Exploring with Loose Parts

Posted: January 25, 2022

As a Registered Early Childhood Educator and parent, I am constantly thinking of ways to get children to engage and explore with materials that will pique their interest, bring out their creativity, strengthen their problem-solving skills and build their self-esteem. I have discovered that a great way to do this is by providing opportunities for children to explore with loose parts.

What are loose parts?

Loose parts are materials that can be manipulated in many ways to achieve different outcomes and therefore provide unlimited possibilities for playing and exploring. “Loose parts are materials with varied properties that can be moved and manipulated in many ways” (Fox & Wirth, 2015). For example, wood, shells, rocks, tires, blocks, buttons, and strings are all loose parts children can explore.

A variety of natural loose parts

How loose parts promote exploration, learning and development

Children of all ages can use loose parts. Research has shown that children who have access to diverse natural materials had a broad range of skill development. “Open-ended loose parts supported problem solving, imagination, and creativity in ways that would not likely have occurred on a traditional playground or indoors” (Fox & Wirth, 2015). Loose parts support development across all developmental domains. Children develop fine and gross motor skills as they manipulate loose parts during play, they also socialize and communicate during play. Children strengthen their problem-solving skills and creativity as they explore different ways to reach their intended goal. Loose parts can be combined, transported, and transformed since they are open-ended and provide endless play possibilities (Kashin & Green, 2015). For example, a child with a battery-operated toy understands when they push the button the object will make sounds. While this cause-and-effect result will initially be fascinating to the child there is little opportunity to further expand the play, which often causes the child to lose interest. In comparison, loose parts have numerous ways in which a child can manipulate items, therefore staying entertained and engaged for a long time.

Loose partsLoose parts on a table

Natural loose parts

Play that involves loose parts has increased children’s levels of relaxation and helped with self-regulation. Loose part play allows for children to control the result, versus being directed in how toys should be manipulated and played with. Encourage your children to explore their natural surroundings by providing lots of outdoor play opportunities for them to be creative, build critical thinking capabilities and hands on experiences. “Nature provided far more play props and open-ended play opportunities than fixed equipment set in large areas of safety surfacing” (Fox & Wirth, 2015). Try looking and collecting loose parts outside, such as rocks, leaves, and sticks. You can extend this play into making outdoor potions and soups by adding water, bowls, and spoons.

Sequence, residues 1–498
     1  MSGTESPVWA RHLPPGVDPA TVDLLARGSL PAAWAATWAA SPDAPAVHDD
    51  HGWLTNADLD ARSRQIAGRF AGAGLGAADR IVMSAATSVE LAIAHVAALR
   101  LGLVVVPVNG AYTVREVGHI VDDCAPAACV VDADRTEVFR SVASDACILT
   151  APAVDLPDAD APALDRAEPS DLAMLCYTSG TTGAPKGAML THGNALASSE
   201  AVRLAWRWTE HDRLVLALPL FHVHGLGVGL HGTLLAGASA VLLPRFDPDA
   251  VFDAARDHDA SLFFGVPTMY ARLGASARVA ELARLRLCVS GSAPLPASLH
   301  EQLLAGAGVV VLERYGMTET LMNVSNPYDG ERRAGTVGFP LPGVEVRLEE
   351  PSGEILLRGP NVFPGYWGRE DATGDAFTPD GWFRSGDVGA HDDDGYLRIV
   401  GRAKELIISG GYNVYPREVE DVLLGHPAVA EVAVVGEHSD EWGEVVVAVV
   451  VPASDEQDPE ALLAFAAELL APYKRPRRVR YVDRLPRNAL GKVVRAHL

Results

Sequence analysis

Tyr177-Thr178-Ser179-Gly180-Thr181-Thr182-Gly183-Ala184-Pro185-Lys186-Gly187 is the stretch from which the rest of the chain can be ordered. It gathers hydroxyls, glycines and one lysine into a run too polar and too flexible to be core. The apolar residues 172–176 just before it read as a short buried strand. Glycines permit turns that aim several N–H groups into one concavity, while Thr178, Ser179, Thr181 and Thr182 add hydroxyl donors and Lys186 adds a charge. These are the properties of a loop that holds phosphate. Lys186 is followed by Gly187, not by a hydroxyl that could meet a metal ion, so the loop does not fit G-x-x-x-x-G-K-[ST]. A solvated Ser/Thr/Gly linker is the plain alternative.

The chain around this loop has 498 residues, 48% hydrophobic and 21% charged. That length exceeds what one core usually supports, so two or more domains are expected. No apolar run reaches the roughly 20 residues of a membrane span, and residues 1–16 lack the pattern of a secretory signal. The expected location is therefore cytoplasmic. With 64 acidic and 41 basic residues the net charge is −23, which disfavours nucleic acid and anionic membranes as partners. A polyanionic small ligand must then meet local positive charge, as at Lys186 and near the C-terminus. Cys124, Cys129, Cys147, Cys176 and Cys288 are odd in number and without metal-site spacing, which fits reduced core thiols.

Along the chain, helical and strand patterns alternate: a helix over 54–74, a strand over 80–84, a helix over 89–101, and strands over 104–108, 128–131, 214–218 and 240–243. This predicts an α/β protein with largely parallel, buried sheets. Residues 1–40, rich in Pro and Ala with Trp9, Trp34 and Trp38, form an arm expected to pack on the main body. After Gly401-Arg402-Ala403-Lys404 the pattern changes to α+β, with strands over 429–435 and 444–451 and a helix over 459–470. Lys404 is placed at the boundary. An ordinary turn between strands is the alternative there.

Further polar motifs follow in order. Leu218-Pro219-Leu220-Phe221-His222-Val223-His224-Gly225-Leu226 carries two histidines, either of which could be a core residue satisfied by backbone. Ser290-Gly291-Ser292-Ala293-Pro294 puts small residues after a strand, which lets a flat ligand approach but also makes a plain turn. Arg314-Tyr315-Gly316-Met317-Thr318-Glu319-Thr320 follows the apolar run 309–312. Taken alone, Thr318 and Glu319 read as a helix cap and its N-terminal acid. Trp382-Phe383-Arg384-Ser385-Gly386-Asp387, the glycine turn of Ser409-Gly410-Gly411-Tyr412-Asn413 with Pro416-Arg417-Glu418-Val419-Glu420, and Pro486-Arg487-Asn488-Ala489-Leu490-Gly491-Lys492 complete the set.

Shells as loose parts

Introducing loose parts to infant and toddlers

Infant and toddlers explore using all their senses so let’s introduce them to the wonderful opportunities, textures and endless possibilities that loose parts provide. Some parents may be wary or fearful of introducing their infants or toddlers to loose parts but remember, loose parts come in many varieties, shapes and sizes and therefore can be offered to children of all ages. It is important to ensure that items in infant’s play spaces are safe to eat and therefore are large enough or small enough to not be choking hazards (Bullard, 2017). Some examples would be leaves, ropes, wood, structures to climb under, over, into and on top of. Loose parts provide opportunities for infants and toddlers to explore different textures, weight, and sizes as they touch, pull, push, taste and carry things around. As parents or educators, we can discover new possibilities by engaging and playing with loose parts at home. This will help us to describe and share our experiences with the children in our care.

By Kadian Thompson, RECE

To explore loose parts in more detail, refer to link below.


Kashin, D., & Green, C. (2015, March 24). Intentionality with Loose Parts: Playing, Tinkering and Messing About. Retrieved from https://tecribresearch.wordpress.com/2015/07/16/intentionality-with-loose-parts-playing-tinkering-and-messing-about/

Fox, H., & Wirth, S. (2015, July 16). The Learning in Loose Parts. Retrieved from http://www.communityplaythings.com/resources/articles/2015/the-learning-in-loose-part

Bullard, J. (2017). Creating Environments for Learning: Birth to age eight (3rd ed.). Toronto, Canada: Pearson